“That’s such a pretty story,” Gracie said quietly. She was holding Anna’s hand, and I saw how close they were.
“Do you think the Southern Cross exists in Africa, down here in the south?” I asked.
“Well, of course, the Crux Constellation exists. It’s been in our sky for as long as people can remember,” Gracie answered.
“I don’t mean the stars. I’m wondering about the magic behind it. There has to be something powerful about a cross shining high in the sky over the Southern Hemisphere.”
“There is magic in the Crux,” Anna answered. “But I think it comes from a deep hope and desire for something greater. They say if you watch the Crux long enough, your soul will be filled with spirit and grace. The bushmen said this as they watched the smoke and ash from their ceremonial fires rise high into the sky and float towards the Crux. Neither wind nor rain altered the smoke’s path.”
“I think a whole lot of folks in South Africa—the whites, I mean—found their Southern Crosses after Nelson Mandela was freed and apartheid was abolished,” Carole Lynn said. “Marc Robbi found it when he learned about the Bee Charmer. They all found their Southern Crosses. It changed them, and they never looked back.”
“One thing Mandela said was absolute truth. ‘When Afrikaners change, it is 100 percent.’ For those people, there was no going back,” Gracie said. “One day, apartheid was there, and then the next day, it was gone for good. Some people say it was all about holding onto power, but I don’t think so. At least I don’t think that was the case for many Afrikaners. The Lord tells us we shouldn’t care about the position we hold. He doesn’t care about those trivial things. To the Almighty Savior, we are all the same.”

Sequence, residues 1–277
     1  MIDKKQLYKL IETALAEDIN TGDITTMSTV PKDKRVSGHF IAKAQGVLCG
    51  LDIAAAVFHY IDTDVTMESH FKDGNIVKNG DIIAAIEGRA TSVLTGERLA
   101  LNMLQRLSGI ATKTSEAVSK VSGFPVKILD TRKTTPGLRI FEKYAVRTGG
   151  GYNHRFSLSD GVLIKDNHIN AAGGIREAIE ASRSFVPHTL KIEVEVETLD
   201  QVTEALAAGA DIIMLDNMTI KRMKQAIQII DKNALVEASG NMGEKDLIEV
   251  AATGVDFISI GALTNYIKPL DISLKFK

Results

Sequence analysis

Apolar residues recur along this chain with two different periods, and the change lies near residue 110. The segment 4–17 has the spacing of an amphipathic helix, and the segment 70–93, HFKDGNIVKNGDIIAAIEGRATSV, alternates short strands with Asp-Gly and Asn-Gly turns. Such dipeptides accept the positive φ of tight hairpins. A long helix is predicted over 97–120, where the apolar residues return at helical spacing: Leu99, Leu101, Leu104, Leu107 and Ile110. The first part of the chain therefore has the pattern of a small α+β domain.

I saw Anna’s eyes rolling as Gracie attempted to finish her point. “I mean…I think most Afrikaners were good Christian people. Apartheid was their way of solving the coexistence issue. The issue was not about holding onto all the money and power; it was about holding onto a way of life.”
“Ma,” Anna interrupted Gracie. “We don’t need to try to analyze why they hated the blacks so much. They hated us and that’s all we need to say about it.”
“They didn’t hate blacks,” Gracie continued. “They were scared of them. They knew a free society in South Africa would mean majority rule. They thought they would lose everything and blacks would retaliate against them with violence. They thought they would be destroyed. That is what’s so great about South Africa; when the blacks were freed, the majority chose to forgive the minority and move on. I love South Africa!”
“Ma, don’t go overboard. There is still too much poverty there. There are shacks and slums all over the country. A lot has changed, but not everything.”
“The poor will overcome,” Gracie answered back. “Always remember what the Good Book says, and you remember too, Sarah: ‘Whoever desires to become great among you shall be your servant. And whoever of you desires to be first shall be slave of all.’ We must look at our time on earth as temporary. We can’t stall because we’re not satisfied with all we see. For the most glorious of all is waiting for us in its own time.”
“So, you believe we are all sojourners too?” I asked. “My mother used to say that a lot about me and my siblings.”
“I think we are here temporarily, and we must keep our eyes on our real home. That home is not here. That’s why God put the Crux in the sky; He wanted to show us the way and to remind us there is something bigger, something greater, to look towards.”
My reply was simple. “I think you’re right about the Southern Cross. Africa is blessed to have it.”